Historically, telecom and Internet Exchange Point networks have been created using dedicated hardware and software (NOS) to achieve a specific function or serve a specific use case. This has ensured that these networks are reliable and somewhat secure but has also stymied innovation – from not only service providers but also vendors of equipment used in such. This new era of Interconnect 2.0 will require more from the network than ever before – applications require the network to be flexible, dynamic, accessible and to support a range of technical and commercial options and operations. These networks must be able to impart actionable insights and be flexible as well as scalable for speed, bandwidth, latency, security, business model changes and countless other variables that could rapidly change to meet the needs of applications and users using such. The telco cloud which is becoming the foundation for the Cloud Native 5G services will be the enabler of the future of the Interconnect 2.0.

Interconnect 2.0 Diagram

Innovation at Interconnect 2.0: Disaggregation, SDN and network automation

Disaggregation, software-defined networking (SDN), and network automation are things that has already been applied and deployed in the telco world for 4G/5G rollouts as data centric networks. These will become very viable within the Internet Exchange Points networks that will evolve into becoming the Interconnect 2.0’s. As Internet Exchange Point networks are typically more localized than telco networks and do not need to cope with legacy infrastructure and services, they will be ideal places to introduce new networking concepts.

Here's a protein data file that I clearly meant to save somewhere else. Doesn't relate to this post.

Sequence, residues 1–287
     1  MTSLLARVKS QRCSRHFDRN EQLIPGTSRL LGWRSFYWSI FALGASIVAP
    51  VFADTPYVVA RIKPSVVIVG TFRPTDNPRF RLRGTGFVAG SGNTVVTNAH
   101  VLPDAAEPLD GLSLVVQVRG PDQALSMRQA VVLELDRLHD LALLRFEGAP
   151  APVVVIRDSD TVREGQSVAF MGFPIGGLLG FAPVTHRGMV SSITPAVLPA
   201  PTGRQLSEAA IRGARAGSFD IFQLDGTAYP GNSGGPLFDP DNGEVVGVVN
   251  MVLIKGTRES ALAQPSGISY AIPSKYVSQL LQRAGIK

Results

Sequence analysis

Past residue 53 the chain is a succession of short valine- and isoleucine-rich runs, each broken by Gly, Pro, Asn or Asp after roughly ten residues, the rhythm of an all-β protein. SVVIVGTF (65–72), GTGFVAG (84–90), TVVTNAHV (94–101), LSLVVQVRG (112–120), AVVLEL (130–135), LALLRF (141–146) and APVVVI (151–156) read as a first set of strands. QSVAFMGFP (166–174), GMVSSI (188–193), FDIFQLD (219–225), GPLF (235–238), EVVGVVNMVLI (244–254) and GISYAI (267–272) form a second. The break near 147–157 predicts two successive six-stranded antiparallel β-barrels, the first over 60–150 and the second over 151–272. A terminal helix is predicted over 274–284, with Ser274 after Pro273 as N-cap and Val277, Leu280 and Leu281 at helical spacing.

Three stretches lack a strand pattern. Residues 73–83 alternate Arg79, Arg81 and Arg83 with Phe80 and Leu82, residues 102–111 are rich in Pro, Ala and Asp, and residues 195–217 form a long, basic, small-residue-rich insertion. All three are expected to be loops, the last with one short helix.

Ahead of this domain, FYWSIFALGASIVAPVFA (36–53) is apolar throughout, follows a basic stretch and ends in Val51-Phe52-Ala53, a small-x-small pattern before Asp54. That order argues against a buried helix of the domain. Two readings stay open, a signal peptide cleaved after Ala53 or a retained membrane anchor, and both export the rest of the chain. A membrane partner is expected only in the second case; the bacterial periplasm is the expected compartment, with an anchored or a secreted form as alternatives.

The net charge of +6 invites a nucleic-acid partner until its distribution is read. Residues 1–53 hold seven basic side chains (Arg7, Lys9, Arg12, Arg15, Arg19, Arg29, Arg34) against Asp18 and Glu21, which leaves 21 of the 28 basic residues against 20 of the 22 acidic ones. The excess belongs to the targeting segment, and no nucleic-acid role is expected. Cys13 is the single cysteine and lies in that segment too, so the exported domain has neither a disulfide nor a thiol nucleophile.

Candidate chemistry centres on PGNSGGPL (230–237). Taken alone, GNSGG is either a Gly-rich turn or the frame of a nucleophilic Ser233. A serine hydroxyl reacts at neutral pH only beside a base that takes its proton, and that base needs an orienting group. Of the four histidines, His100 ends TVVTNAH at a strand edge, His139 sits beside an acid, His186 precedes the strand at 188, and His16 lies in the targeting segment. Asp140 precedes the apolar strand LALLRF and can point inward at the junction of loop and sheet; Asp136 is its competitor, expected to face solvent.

Disaggregation and openness speed innovation. Disaggregation, when applied to the Interconnect 2.0 and transport infrastructure do provide horizontal scalability allowing for unexpected growth, which can easily be handled without the need for pre-planning of large chassis-based system capacity or forklift upgrades.

In disaggregated networks innovation can be driven very efficiently, as network functions are decoupled from each other and can run in containers and evolve at their own speed. This enables interconnects to introduce additional steps in for instance interface capacity like 400GbE or 1 Terabit Ethernet, as well as single-chip switching capacities, and functionalities like programming protocol-independent packet processors [P4] seamlessly.

Realizing the Interconnect 2.0 vision

Moving to Interconnect 2.0 is challenging and will not happen overnight. While the rationale for embracing the new era of interconnects is clear, there are many factors that are slowing the industry’s movements into becoming the interconnects of the future.

About the Author
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Mikael Holmberg
Distinguished Engineer and Member of the Office of the CTO

Mikael Holmberg is a Distinguished Engineer and Member of the Office of the CTO at Extreme Networks - he was the first person in company history to earn that title!